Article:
Worried that you might offend your host or friendly strangers you meet whilst you’re in Korea? Then you need this essential Guide to Korean Etiquette.
Keep this in mind when dining out:
If there are drinks being poured (such as for a toast), then don’t pour one for yourself. someone else will pour it for you – it’s considered rude to pour for yourself. The first time I went for lunch with my supervisor and colleagues, I noticed they took turns to pour drinks for each other. When pouring the drinks, you are expected to use two hands.
The two-hand rule is a way of showing respect to the person you’re serving. Either place your hand on your wrist, or somewhere along your arm.
Koreans love to drink soju (the world’s most popular liquor). When people get together, you are expected to drink your shot but not look at the person who poured it for you. I know subordinates do this with their superiors, but I am not very sure it is obtainable amongst peers.
Floors are kinda sacred in Korea. Shoes are not allowed in Korean houses but there are many restaurants in South Korea which have traditional floor tables with no chairs. If you see a restaurant with a shoe rack by the entrance, then you should take your shoes off before you enter.
Tipping is a big no-no in South Korea. The price you see on the menu is the price you will pay. In fact, people won’t accept any money you leave behind.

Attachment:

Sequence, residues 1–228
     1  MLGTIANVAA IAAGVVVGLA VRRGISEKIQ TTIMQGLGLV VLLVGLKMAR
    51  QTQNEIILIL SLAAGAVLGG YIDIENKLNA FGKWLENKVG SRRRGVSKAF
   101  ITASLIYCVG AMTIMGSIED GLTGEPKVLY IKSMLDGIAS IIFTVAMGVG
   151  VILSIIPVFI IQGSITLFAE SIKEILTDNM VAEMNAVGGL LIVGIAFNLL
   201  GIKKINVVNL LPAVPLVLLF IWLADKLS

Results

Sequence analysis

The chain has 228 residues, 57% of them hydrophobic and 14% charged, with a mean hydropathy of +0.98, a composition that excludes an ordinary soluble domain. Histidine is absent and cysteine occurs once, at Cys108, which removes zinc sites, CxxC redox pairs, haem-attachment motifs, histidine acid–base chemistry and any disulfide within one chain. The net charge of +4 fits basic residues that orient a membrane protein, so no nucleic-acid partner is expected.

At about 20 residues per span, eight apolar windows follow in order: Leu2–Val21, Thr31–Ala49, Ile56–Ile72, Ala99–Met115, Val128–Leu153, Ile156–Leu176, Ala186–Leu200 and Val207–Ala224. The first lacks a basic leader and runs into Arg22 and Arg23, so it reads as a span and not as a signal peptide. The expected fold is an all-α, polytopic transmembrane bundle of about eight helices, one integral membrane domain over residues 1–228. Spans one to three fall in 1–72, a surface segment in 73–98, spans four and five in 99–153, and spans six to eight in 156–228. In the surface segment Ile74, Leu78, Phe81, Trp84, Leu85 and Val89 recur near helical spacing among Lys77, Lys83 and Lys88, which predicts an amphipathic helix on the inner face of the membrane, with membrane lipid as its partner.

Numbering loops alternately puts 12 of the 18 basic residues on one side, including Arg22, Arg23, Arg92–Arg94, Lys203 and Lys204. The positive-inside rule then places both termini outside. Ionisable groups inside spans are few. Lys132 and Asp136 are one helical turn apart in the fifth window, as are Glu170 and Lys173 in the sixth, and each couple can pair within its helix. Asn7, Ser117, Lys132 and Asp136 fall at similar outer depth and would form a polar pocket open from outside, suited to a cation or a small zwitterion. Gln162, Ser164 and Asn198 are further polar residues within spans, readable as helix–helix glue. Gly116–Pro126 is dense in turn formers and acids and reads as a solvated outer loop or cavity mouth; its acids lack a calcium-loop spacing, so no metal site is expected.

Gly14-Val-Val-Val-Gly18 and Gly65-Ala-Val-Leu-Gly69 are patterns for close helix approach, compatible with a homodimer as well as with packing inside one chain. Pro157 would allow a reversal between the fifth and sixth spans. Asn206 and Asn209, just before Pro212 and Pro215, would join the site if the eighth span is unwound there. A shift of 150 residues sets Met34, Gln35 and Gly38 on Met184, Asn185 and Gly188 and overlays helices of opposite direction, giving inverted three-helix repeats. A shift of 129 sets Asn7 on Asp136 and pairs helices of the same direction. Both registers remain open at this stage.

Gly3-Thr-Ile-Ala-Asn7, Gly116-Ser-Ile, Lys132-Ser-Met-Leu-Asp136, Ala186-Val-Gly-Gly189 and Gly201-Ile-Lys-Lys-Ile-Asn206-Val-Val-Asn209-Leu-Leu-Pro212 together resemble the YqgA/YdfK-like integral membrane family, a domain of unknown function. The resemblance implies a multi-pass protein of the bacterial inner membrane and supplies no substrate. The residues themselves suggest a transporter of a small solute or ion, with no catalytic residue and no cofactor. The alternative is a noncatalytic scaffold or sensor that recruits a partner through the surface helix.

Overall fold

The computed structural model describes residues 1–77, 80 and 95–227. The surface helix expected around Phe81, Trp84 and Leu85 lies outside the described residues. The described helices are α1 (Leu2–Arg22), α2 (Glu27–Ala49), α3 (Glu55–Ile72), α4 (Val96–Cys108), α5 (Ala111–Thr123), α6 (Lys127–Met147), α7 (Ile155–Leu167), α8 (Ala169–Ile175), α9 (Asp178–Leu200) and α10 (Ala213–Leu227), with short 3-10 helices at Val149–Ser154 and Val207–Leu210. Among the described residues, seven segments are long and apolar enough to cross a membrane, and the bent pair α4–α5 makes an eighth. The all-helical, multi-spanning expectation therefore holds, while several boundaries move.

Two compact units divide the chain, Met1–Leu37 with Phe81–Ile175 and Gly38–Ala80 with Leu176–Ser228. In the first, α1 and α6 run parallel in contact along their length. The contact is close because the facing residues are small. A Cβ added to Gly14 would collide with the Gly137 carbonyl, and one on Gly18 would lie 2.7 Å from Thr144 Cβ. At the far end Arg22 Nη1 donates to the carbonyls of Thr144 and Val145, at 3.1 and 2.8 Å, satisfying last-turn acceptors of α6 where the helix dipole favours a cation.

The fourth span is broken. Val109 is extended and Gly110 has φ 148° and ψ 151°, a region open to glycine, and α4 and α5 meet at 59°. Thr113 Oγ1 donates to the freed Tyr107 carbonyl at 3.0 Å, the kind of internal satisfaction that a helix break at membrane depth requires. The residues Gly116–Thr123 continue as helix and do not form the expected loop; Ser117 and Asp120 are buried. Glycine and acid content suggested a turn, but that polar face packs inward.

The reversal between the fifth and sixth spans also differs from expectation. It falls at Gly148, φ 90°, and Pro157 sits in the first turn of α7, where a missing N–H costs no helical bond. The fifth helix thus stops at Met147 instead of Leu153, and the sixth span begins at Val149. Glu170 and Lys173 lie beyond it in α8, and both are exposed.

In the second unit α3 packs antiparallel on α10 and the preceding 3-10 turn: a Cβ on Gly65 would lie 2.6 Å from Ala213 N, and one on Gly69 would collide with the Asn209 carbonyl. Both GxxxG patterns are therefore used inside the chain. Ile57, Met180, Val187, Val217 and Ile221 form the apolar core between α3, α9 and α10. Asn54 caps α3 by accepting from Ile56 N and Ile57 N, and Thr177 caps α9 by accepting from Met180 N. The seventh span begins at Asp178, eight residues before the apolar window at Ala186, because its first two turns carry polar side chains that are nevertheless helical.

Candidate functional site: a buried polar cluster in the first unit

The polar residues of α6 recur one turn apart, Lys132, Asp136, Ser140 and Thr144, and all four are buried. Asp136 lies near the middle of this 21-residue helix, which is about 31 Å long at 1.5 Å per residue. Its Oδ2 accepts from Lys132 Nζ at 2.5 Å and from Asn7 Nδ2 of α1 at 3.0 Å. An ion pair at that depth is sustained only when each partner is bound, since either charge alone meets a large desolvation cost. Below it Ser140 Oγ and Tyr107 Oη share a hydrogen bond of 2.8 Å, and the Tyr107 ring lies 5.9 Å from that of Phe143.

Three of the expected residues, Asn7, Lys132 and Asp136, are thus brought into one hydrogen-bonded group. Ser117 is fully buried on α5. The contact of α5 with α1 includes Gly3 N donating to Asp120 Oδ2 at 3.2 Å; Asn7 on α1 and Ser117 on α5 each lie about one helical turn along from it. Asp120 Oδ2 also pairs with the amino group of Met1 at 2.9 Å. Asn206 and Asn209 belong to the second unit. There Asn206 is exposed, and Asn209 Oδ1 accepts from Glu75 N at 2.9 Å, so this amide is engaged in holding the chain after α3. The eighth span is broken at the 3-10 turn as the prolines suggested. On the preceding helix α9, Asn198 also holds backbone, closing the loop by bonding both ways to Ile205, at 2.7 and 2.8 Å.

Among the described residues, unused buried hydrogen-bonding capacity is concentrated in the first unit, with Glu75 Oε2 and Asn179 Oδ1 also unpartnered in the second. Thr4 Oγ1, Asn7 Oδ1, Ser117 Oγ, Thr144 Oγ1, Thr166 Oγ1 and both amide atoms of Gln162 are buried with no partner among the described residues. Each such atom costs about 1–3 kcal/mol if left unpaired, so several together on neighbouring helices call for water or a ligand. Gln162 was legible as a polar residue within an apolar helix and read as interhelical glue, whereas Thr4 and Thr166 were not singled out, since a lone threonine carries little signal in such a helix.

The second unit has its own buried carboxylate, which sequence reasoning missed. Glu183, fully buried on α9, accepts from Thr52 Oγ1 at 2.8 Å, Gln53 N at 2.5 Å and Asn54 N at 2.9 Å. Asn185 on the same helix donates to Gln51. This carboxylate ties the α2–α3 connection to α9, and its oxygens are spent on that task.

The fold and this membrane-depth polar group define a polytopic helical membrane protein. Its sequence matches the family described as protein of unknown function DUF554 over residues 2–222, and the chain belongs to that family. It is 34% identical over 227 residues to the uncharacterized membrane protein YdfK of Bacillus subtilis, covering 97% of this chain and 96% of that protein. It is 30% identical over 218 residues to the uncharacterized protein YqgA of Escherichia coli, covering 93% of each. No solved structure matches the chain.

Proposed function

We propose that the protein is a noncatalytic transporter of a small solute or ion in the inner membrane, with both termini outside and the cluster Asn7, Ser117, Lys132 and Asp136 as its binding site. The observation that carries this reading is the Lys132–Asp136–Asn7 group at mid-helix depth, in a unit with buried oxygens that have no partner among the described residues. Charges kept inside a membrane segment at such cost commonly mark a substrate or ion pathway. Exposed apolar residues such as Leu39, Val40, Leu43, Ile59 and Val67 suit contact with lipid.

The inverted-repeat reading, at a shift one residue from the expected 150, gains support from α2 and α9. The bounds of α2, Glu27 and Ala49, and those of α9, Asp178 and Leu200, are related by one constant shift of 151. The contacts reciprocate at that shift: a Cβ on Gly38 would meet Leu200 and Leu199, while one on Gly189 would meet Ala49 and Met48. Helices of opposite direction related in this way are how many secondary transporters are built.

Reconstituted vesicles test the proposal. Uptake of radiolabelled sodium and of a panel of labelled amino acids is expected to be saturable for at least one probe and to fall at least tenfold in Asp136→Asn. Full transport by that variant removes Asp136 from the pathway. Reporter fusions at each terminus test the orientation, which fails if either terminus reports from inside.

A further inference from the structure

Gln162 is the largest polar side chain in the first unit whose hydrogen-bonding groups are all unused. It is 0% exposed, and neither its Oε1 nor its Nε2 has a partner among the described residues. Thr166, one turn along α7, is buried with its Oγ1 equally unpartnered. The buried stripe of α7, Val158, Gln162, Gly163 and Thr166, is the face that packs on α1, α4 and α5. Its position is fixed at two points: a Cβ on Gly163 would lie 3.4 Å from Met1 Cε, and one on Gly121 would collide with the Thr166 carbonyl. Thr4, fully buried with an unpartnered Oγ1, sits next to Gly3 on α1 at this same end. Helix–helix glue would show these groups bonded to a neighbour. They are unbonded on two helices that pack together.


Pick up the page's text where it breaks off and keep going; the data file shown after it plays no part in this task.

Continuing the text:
It’s considered dirty to lick your fingers and food should be eaten with chopsticks where possible (not easy with Korean BBQ or ribs!). You will always find wet tissues to clean your hands if you to.
Here are some essential etiquette issues to know about when travelling.
In Korea, people wait patiently and queue up when getting on a bus, train or subway. There are lines to show where to wait and spaces to allow people to disembark. If you are visiting Korea, do your best to follow line and wait patiently.
Another thing to note is that there are sections for the elderly, pregnant women, and people on wheelchair. Try to avoid sitting on seats reserved for these sets of people.
It is illegal to eat or drink on the buses. Eating on the train, especially on long journeys, is usually fine. If you do have to eat, try not to litter, or spill your drinks.
This guide will help you interact with people comfortably in Korea.
This may seem trivial, but the handshake is a sign of respect in South Korea and doing it wrongly could be a sign of disrespect.
When shaking hands, shake with one hand and place the other hand somewhere between your wrist or elbow.
Some Koreans will happily tell you their full names and be happy to be called by their personal (first) names. However, if you’re unsure, or you’re in a business situation, it’s best to refer to the other person by their surname.
As with many cultures, and older people are respected more than younger ones. The same is obtainable in Korea. Age can dictate the way you act or behave to someone. You will probably be asked your age for people to figure how to relate with you.
Korea has a high level of nationalism and people take pride in their country and national symbols and holidays. Koreans are proud of their growing economic, cultural, and sporting achievements considering where they are coming from and the battles they have fought.